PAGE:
PLANO, Texas — The Tour de France is one of the world’s premier races and a true test of endurance for professional cyclists. At just more than 2,100 miles long with intense stretches through the mountainous Alps, it’s a grueling race. That didn’t stop Australian professional cyclist Lachlan Morton from adding a little more than an additional 1,300 miles to the ride, with more than 75,000 feet of climbing, in an effort to raise money for the global nonprofit, World Bicycle Relief.
What is World Bicycle Relief?
World Bicycle Relief is a nonprofit dedicated to fighting poverty through biking. By providing bicycles to those in need and creating a sustainable ecosystem to support them in local communities, World Bicycle Relief has found a way to combat a number of pressing issues in developing regions of the world.
In the midst of the COVID-19 pandemic, the nonprofit is working in Columbia and rural Africa to provide bicycles to frontline healthcare workers. By providing bicycles to these workers, the nonprofit has seen an 88% increase in patient visits and a 39% decrease in travel time to visit clients for the healthcare workers in those areas.
Additionally, the nonprofit has worked to provide bicycles to schoolchildren, primarily young girls in developing areas, to great effect. According to survey data reported in the organization’s 2019 Impact Report, girls that were given bikes reported a 28% drop in absenteeism and more than an additional hour of travel time saved each day.
The organization has partnered with other major nonprofits and organizations like UNICEF and the Campaign for Female Education in the nonprofit’s efforts to provide bikes to children in need, according to the 2020 Impact Report. Through the Campaign for Female Education program in Zimbabwe alone, the organization delivered more than 2,400 bicycles to girls in need and trained 35 young women to become field mechanics.
World Bicycle Relief’s Innovative Model
Field mechanic training is an important component of World Bicycle Relief’s model. The nonprofit also owns a for-profit bicycle company based on the success of the durable bikes they produce called Buffalo Bicycles. The organization sells these bicycles to other nonprofits as well as local governments and businesses to help fund World Bicycle Relief’s efforts.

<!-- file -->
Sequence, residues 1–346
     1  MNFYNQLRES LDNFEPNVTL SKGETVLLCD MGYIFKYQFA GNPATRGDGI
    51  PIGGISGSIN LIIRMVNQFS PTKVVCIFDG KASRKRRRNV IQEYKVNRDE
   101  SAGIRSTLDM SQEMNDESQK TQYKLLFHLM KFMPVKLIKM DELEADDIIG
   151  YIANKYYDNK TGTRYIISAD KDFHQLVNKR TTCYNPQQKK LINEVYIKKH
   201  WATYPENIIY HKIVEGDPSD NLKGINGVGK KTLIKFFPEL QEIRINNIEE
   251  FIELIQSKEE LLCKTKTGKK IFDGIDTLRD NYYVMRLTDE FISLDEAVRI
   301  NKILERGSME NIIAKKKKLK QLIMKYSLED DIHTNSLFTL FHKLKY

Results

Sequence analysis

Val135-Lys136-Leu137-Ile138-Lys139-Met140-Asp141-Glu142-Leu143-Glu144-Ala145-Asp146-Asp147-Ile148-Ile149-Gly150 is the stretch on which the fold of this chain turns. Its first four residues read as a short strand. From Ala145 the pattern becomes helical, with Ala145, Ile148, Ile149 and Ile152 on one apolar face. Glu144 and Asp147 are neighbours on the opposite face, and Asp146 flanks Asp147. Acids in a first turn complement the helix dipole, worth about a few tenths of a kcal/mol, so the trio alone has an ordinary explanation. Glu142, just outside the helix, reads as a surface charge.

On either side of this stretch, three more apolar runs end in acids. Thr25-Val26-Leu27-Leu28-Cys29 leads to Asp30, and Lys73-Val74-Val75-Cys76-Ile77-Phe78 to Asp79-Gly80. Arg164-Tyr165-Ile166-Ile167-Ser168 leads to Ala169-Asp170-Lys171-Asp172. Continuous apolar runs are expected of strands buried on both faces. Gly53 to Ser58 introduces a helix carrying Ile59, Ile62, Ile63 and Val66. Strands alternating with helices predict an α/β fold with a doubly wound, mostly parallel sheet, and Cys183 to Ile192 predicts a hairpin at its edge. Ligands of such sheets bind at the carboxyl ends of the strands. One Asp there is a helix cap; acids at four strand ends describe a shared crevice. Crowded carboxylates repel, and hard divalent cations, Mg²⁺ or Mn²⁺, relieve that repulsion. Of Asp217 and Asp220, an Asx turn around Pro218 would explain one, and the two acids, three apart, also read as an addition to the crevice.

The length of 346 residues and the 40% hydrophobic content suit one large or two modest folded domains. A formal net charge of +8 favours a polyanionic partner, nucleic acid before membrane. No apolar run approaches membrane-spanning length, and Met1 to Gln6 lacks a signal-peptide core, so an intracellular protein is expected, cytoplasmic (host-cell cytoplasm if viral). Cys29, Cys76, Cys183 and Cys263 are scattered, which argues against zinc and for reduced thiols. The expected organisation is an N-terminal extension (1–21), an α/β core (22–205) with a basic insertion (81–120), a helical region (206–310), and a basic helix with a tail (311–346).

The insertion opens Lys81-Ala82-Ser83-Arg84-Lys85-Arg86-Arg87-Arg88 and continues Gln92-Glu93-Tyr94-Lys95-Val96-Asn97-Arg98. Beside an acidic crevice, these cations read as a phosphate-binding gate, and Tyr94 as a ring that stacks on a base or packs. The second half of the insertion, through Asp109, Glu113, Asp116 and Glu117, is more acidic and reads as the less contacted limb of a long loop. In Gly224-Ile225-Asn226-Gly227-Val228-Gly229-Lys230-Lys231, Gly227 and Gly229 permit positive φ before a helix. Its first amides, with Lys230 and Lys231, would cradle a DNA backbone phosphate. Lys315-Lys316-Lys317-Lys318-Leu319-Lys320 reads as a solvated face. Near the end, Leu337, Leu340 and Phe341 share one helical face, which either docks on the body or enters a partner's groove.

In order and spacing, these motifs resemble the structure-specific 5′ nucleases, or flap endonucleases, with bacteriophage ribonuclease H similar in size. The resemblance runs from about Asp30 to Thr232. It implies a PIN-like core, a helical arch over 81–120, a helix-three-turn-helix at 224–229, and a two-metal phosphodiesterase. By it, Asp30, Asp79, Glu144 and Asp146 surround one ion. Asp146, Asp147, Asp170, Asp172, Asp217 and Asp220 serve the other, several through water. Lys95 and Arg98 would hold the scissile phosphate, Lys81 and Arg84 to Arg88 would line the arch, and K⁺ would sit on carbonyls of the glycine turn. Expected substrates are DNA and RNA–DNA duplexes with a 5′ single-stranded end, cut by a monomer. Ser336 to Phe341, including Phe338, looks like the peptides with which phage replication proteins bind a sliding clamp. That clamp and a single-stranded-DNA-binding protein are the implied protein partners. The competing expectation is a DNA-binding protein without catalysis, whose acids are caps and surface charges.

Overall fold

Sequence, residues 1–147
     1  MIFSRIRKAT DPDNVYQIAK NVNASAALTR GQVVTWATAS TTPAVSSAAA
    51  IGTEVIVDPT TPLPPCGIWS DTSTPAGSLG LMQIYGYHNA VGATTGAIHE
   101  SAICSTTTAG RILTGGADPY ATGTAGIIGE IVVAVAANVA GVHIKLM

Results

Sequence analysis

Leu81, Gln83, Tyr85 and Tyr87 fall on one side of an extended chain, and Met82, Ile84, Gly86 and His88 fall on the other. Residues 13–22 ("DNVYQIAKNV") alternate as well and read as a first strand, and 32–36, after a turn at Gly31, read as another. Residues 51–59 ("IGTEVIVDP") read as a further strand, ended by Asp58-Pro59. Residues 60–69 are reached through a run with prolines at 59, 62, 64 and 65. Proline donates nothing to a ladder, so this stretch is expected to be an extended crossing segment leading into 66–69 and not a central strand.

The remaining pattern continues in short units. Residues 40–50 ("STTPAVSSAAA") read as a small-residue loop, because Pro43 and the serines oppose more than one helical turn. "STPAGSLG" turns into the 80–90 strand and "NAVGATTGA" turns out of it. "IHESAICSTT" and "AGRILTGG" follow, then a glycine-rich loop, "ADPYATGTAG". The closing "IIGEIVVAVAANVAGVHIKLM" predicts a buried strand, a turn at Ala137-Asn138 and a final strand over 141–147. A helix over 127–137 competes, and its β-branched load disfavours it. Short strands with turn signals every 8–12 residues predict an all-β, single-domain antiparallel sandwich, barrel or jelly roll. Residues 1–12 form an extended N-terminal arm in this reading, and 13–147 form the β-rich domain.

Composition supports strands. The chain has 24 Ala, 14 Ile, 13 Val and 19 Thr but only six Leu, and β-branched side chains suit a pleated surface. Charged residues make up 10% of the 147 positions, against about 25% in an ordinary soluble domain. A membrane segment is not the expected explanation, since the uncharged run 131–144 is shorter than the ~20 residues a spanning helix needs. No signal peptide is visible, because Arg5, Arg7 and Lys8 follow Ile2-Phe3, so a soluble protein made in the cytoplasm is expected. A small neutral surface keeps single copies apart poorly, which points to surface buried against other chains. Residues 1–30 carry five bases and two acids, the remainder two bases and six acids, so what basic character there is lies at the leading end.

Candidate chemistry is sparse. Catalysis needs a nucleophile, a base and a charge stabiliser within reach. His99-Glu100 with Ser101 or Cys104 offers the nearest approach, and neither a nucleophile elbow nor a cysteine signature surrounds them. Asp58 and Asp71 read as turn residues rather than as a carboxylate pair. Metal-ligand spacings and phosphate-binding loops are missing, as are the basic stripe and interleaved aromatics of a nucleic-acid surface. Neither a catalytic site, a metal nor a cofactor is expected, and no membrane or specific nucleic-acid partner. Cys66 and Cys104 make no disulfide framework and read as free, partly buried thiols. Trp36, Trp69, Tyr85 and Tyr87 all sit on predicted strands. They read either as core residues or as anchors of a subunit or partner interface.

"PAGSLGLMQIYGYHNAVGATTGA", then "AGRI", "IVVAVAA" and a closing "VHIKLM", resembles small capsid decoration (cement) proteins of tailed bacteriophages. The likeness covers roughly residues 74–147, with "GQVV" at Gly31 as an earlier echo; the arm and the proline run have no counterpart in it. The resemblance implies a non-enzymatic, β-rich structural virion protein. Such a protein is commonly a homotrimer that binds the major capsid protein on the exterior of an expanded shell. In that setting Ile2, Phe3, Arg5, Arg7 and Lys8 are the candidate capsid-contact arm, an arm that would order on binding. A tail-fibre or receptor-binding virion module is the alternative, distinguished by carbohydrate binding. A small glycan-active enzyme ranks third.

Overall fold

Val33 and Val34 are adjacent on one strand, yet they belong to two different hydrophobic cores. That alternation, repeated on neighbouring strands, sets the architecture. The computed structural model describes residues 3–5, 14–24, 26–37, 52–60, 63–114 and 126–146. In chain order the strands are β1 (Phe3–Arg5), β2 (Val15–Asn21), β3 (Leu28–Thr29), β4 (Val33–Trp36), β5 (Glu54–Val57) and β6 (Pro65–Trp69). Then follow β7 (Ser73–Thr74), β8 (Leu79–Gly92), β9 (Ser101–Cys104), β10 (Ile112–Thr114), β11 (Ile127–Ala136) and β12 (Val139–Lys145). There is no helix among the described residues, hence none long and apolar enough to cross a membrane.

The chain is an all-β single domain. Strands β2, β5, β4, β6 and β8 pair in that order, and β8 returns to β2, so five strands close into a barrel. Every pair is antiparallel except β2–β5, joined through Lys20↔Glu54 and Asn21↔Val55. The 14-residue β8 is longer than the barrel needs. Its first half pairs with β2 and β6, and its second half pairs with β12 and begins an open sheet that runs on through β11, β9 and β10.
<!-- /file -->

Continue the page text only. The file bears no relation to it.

These sales, as well as the establishment of selling centers and training of local field mechanics and assembly teams, also ensure that the bicycles receive adequate maintenance in local communities in need in order for them to continue to be valuable tools for relief. In addition, the Bicycle Supervisory Committees established in these communities for training and educational purposes allow World Bicycle Relief to better understand local needs and areas for support.
Morton’s Tremendous Effort to Help World Bicycle Relief
World Bicycle Relief’s work is what Lachlan Morton said made his suffering worthwhile. But suffering might be an understatement for Morton’s experience. The professional cyclist rode all of the miles along the 2021 Tour de France route on his bike, including the transitory sections that the Tour’s riders were able to skip. He also lacked any support from a professional team or the accommodations that came with participating in the real Tour. That meant carrying camping equipment to find a place in the wilderness to sleep at night as well as food and equipment to prepare his own meals. Morton, who’s something of an ultra-endurance enthusiast, also experienced blisters from his riding shoes which eventually forced him to switch to riding in sandals during his personal Tour. He even had to travel significant stretches without any food or water as well.
His monumental efforts have not been without benefit though, as Morton has been able to raise enough money for World Bicycle Relief to donate nearly 3,270 bikes, raising over $600,000 for the nonprofit during his alternative Tour de France.
“I know I ride for a reason and people’s support and their donations have proved it,” Morton told Cyclingnews. “Bikes have changed my life, so to be able to share that and help other people change their lives via cycling is the tiniest thing I can do in life.”
The Continued Importance of Bicycles in the Fight Against Poverty
The life-changing capabilities of bicycles are something that global leaders have not ignored. During 2020 World Bicycle Day, the President of the United Nations General Assembly at the time, Tijani Muhammed Bande, explained that bikes have a “significant impact” on families as they are capable of helping pull them out of poverty by providing them with greater access to education and job opportunities. He also praised bicycles as a valuable alternative to automotive transportation during the COVID-19 pandemic.
That praise echoes the sentiments expressed in the United Nation’s Sustainable Development Goals referenced in the Regional Information Centre for Western Europe which explains how bicycles can be used to lower transportation costs and times for those experiencing poverty and also provide increased access for small, rural farmers which ultimately helps in the ongoing fight against hunger.
These benefits help illustrate the importance of organizations like World Bicycle Relief and underline the value that a single cyclist has been able to provide to global communities thanks to his extraordinary efforts.
– Brett Grega